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    Re: How do I dupe an 8x10 negative?

    How bad is the original negative? Is it a moonrise photograph with a graveyard, shot in New Mexico? If so, take a chance and muck around with the original. You could mass produce prints, and retire early.

  5. #5

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    1,539

    Re: How do I dupe an 8x10 negative?

    http://unblinkingeye.com/Articles/En...nlargeneg.html

    While this deals with enlarged negatives using traditional means, I see no reason that it would not work with duping.

    I have used this technique and it does work.

  6. #6

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    Re: How do I dupe an 8x10 negative?

    Quote Originally Posted by Don7x17 View Post
    I presume you are talking about a B&W negative....

    In the days when Kodak made B&W duplicating film, this would be an easy chemical process. (single sheet of film, that kept ithe image as negative)

    You don't mention what you want to do to the negative -- increase/decrease contrast? locally bleach/intensify? scratch up the negative? paint it? or ?? Do you want to get an approximate copy of the negative (zone to zone, etc) or are you willing to accept something that resembles your original negative in the midzones but is changed in shadows and highlights? (see below)

    I guess you could try going to a film positive (TMX or your choice of film...) and then a second time to a film negative. You'd have to do a lot of experimentation to get it somewhat right. Then you'd want to consider some masking steps to keep the contrast somewhat similar (remember those characteristic curves of the film? the toe and shoulder...well you'll be applying these twice in this process - to both ends of your negative but inverted each time. they don't cancel. Could be an interesting negative at the end....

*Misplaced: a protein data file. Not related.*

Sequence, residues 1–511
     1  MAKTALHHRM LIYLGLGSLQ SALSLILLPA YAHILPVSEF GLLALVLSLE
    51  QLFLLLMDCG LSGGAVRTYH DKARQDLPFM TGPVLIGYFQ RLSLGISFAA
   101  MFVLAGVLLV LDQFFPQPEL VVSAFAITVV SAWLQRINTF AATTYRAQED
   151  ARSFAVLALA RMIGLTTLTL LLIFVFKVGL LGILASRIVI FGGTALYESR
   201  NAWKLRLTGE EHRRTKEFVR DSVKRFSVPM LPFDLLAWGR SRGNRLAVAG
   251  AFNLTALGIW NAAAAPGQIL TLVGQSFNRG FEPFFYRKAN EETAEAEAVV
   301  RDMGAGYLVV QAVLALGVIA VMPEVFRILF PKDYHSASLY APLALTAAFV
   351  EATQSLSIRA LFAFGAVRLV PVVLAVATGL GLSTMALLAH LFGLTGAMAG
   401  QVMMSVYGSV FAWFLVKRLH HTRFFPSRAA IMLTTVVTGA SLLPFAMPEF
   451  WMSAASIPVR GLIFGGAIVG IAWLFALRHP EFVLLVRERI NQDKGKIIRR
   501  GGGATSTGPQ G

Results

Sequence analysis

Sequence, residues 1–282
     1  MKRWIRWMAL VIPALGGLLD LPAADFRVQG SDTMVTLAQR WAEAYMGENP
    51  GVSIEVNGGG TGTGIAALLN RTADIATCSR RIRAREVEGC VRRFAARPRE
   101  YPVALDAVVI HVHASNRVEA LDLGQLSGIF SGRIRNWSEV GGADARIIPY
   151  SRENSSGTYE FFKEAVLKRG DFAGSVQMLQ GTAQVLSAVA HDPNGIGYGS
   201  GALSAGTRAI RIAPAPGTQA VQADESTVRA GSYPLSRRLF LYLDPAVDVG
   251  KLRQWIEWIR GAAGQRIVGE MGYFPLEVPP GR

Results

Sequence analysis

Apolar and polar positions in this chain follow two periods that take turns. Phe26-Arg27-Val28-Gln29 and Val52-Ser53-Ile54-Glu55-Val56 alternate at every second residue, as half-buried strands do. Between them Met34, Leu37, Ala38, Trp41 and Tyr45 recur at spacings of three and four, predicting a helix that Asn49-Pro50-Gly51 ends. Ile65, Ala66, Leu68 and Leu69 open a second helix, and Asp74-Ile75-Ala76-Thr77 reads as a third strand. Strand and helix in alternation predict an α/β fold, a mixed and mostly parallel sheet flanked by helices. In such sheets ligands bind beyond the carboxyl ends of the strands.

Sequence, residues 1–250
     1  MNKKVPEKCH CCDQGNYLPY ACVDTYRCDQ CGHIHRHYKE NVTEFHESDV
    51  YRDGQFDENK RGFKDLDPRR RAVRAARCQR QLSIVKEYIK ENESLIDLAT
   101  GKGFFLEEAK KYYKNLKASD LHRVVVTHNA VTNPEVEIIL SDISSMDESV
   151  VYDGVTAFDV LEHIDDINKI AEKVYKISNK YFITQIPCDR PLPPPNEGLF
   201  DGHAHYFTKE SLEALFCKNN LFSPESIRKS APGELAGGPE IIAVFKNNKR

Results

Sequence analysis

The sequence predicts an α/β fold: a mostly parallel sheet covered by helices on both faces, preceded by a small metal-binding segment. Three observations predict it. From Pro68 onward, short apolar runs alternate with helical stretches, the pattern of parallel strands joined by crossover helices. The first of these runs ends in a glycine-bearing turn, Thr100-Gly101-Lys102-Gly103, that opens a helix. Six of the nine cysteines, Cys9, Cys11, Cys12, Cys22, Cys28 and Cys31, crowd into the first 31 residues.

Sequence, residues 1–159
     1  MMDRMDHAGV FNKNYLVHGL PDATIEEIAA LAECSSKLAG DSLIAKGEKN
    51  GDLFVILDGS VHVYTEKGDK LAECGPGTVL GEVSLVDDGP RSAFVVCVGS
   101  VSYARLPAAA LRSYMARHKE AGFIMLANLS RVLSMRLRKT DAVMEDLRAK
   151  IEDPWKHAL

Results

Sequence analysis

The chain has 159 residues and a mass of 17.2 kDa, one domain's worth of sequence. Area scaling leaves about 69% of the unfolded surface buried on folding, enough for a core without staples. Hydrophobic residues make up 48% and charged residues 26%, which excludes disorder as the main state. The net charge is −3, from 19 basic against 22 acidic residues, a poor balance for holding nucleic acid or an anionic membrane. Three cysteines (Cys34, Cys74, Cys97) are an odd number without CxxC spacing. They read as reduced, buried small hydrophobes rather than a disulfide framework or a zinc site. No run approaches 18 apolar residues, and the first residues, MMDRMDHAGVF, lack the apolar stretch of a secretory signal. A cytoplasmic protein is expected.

Or maybe someone has a stash of 8x10 frozen duplicating film?

    but you'd be better off, in my opinion, getting a decent drum scan and use photoshop as needed to produce a digital negative for contact printing (avoid enlarging). there are a number of means to output a digital negative. this might be best - and you can use photoshop to mess around with the negative....and you can make more if some damage occurs in your process....
    Don,
    I can see that digital would be a very useful way to do what I want done, but I like futzing around in my darkroom with stinky chemicals too much!
    What I need to do is get rid of some dust spots. I could simply spot the prnts but I'd prefer to get the problem solved once and for all if possible. It's part of my lazy nature I guess!
    I steal time at 1/125th of a second, so I don't consider my photography to be Fine Art as much as it is petty larceny.
    I'm not OCD. I'm CDO which is alphabetically correct.

  7. #7

    Join Date
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    Re: How do I dupe an 8x10 negative?

    Quote Originally Posted by Filmnut View Post
    I pretty much agree with all of the above, a scan and output would likely be the best.